Policy rules, information and fiscal effects in a "Ricardian" model
AbstractAccording to conventional wisdom, if deficits are inflationary then current deficits should predict subsequent movements in money growth. This paper USES a general equilibrium model fit to data to: (1) explore the policy behavior underlying this accepted viewpoint; (2) examine alternative equilibrium deficit policies ranging from an exclusive reliance on direct lump-sum taxes to a mix of direct and inflation taxes; and (3) evaluate the empirical trade-offs implied by the various financing schemes. The results suggest that reduced-form analyses of whether "deficits matter" can lead to seriously misleading conclusions by mistakenly attributing fiscal effects to monetary policy. ; I demonstrate that simple monetary and tax policy rules and plausible assumptions about when private agents learn of fiscal actions can produce a classical economy whose nominal equilibrium depends on the process for lumpsum taxes and whose time series contradict the view that monetized deficits predict inflation. I assess the fit of versions of the model to U.S. data and reinterpret existing reduced-form studies in light of the results.
Download InfoIf you experience problems downloading a file, check if you have the proper application to view it first. In case of further problems read the IDEAS help page. Note that these files are not on the IDEAS site. Please be patient as the files may be large.
Bibliographic InfoPaper provided by Board of Governors of the Federal Reserve System (U.S.) in its series International Finance Discussion Papers with number 360.
Date of creation: 1989
Date of revision:
Please report citation or reference errors to , or , if you are the registered author of the cited work, log in to your RePEc Author Service profile, click on "citations" and make appropriate adjustments.:
- Evans, Paul, 1987. "Interest Rates and Expected Future Budget Deficits in the United States," Journal of Political Economy, University of Chicago Press, vol. 95(1), pages 34-58, February.
- Blanchard, Olivier Jean & Kahn, Charles M, 1980. "The Solution of Linear Difference Models under Rational Expectations," Econometrica, Econometric Society, vol. 48(5), pages 1305-11, July.
- King, Robert G. & Plosser, Charles I., 1985. "Money, deficits, and inflation," Carnegie-Rochester Conference Series on Public Policy, Elsevier, vol. 22(1), pages 147-195, January.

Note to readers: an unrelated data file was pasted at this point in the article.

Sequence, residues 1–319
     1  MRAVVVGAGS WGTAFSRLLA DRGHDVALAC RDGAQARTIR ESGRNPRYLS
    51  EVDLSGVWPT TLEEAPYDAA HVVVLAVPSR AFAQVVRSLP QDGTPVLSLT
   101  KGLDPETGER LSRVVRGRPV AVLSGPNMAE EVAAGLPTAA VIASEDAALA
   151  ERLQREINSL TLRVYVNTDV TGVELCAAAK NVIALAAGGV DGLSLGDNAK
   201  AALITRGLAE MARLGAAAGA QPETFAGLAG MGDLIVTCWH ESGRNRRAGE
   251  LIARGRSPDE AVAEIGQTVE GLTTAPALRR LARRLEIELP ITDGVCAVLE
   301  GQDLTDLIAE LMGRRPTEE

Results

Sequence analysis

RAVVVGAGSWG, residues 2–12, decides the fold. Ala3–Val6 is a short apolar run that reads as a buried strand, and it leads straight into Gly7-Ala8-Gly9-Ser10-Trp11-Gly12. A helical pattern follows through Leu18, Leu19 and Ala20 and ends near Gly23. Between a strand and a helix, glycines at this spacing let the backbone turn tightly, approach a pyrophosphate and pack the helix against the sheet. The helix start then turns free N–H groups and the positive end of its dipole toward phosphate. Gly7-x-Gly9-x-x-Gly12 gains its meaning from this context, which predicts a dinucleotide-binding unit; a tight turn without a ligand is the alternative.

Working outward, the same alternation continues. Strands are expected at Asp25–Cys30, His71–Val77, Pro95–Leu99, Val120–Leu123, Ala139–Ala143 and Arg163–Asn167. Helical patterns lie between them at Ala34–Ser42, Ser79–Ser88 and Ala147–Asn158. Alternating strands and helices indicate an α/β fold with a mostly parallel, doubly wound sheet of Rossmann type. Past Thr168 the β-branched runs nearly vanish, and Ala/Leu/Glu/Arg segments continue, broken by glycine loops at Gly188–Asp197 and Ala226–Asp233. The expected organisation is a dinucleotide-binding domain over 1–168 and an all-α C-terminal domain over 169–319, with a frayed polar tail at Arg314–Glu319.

- Dwyer, Gerald P, Jr, 1982. "Inflation and Government Deficits," Economic Inquiry, Western Economic Association International, vol. 20(3), pages 315-29, July.
- Rao Aiyagari, S. & Gertler, Mark, 1985. "The backing of government bonds and monetarism," Journal of Monetary Economics, Elsevier, vol. 16(1), pages 19-44, July.
- Susan Yang, Shu-Chun, 2005. "Quantifying tax effects under policy foresight," Journal of Monetary Economics, Elsevier, vol. 52(8), pages 1557-1568, November.
- Eric M. Leeper, 1990. "The dynamics of interest rate and tax rules in a stochastic model," International Finance Discussion Papers 375, Board of Governors of the Federal Reserve System (U.S.).
- Woodford, Michael, 2001.
"Fiscal Requirements for Price Stability,"
Journal of Money, Credit and Banking,
Blackwell Publishing, vol. 33(3), pages 669-728, August.
- Hess Chung & Eric M. Leeper, 2007.
"What Has Financed Government Debt?,"
NBER Working Papers
13425, National Bureau of Economic Research, Inc.
- Srobona Mitra, 2007. "Is the Quantity of Government Debt a Constraint for Monetary Policy?," IMF Working Papers 07/62, International Monetary Fund.
- Eric Leeper & Todd Walker, 2011.
"Information Flows and News Driven Business Cycles,"
Review of Economic Dynamics,
Elsevier for the Society for Economic Dynamics, vol. 14(1), pages 55-71, January.
- Eric Leeper & Todd Walker, 2010. "Code and data files for "Information Flows and News Driven Business Cycles"," Computer Codes 09-244, Review of Economic Dynamics.
- Eric M. Leeper, 2003. "Fiscal Policy and Inflation: Pondering the Imponderables," NBER Working Papers 9506, National Bureau of Economic Research, Inc.
- Luca Sala, 2004. "The Fiscal Theory of the Price Level: Identifying Restrictions and Empirical Evidence," Working Papers 257, IGIER (Innocenzo Gasparini Institute for Economic Research), Bocconi University.
For technical questions regarding this item, or to correct its authors, title, abstract, bibliographic or download information, contact: (Kris Vajs).
If references are entirely missing, you can add them using this form.